Children out of school and at work as hunger deepens in Southern Africa, finds report

Tuesday 19, Jul, 2016

El Niño is having a devastating impact on children in the Southern Africa region, forcing many into early marriage, child labour and dropping out of school, reveals a report by three leading aid agencies released today.

Findings by a Child Protection Rapid Assessment (or CPRA consortium comprising of World Vision, Unicef and Plan International) found that El Niño was severely impacting the lives of children and their futures. 

Entitled Regional Child Protection Rapid Assessment, the report was designed to explore the various ways children are impacted by slow-onset emergencies. The report, which is based on expert insight from nine countries in the Southern Africa region, shows that nearly 80 per cent of respondents of the CPRA survey agreed that the rate of school dropouts had increased since the start of El Niño phenomenon. Nearly 70 per cent of the respondents also reported an increase in incidents of child labour, with the most common forms of child labour cited as domestic work, followed by sexual transactions.

Tracy Shields, World Vision UK’s Senior Child Rights Programme Adviser, and one of the report’s authors, said: “Southern Africa has suffered the brunt of the worst of El Niño’s treatments that has seen long droughts, scorching temperatures, water shortages and flooding. While the effects of the strongest El Niño in 35 years are dissipating and scientists have declared it over, the sting in its tail are causes of a great worry.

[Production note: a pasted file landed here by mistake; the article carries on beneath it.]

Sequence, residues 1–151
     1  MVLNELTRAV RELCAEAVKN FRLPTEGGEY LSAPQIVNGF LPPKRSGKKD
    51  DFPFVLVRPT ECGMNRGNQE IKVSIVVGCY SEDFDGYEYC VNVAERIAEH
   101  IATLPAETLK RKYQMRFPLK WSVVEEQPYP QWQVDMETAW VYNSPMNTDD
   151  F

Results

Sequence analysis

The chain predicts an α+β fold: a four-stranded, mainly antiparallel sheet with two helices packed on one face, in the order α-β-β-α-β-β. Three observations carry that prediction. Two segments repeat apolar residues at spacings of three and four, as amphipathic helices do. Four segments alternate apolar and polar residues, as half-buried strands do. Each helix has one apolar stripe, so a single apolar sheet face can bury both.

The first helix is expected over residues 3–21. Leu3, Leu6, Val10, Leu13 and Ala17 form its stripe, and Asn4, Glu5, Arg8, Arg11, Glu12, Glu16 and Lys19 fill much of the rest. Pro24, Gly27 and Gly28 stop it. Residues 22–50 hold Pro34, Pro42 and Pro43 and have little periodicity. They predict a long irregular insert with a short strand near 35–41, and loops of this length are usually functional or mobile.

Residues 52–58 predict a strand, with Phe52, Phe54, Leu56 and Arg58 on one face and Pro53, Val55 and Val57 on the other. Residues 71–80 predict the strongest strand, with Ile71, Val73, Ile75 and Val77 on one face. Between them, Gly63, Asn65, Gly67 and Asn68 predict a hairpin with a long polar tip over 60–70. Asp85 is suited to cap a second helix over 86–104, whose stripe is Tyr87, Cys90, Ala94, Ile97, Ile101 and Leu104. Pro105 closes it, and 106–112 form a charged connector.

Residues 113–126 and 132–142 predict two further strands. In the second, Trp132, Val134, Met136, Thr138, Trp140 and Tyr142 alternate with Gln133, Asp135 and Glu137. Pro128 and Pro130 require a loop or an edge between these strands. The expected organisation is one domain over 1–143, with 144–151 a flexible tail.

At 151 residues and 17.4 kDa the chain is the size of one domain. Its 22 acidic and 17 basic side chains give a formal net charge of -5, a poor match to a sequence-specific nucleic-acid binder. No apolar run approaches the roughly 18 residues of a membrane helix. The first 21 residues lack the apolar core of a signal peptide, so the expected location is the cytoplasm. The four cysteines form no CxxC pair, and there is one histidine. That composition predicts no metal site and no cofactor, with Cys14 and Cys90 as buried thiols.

“The consequences stretch beyond hunger and food shortages with tens of thousands dropping out of school, migrating out of impoverished areas and facing separation families. Our report’s findings show that El Niño’s impacts are worsening the lives of children in a number of areas with any facing sexual exploitation, violence, child labour and psychosocial distress. We also know that 26 million children across Eastern and Southern Africa are at risk of malnutrition, water shortages and disease,” Shields who was recently in Malawi and South Africa explained.

The Southern African Development Community (SADC - the regional body comprising of 15 southern African states) has appealed for financial support and resources from the international community.  Overstretched humanitarian groups have also warned that the extreme conditions will last for much longer, with the UN’s World Food Programme saying 50 million people are expected by to need help with food supplies in the coming nine months.

For more information, pictures, case studies and interviews, please contact: 

Henry Makiwa | Media Manager | World Vision UK | E-mail: | Skype: Soshangana | Twitter: @makiwahenry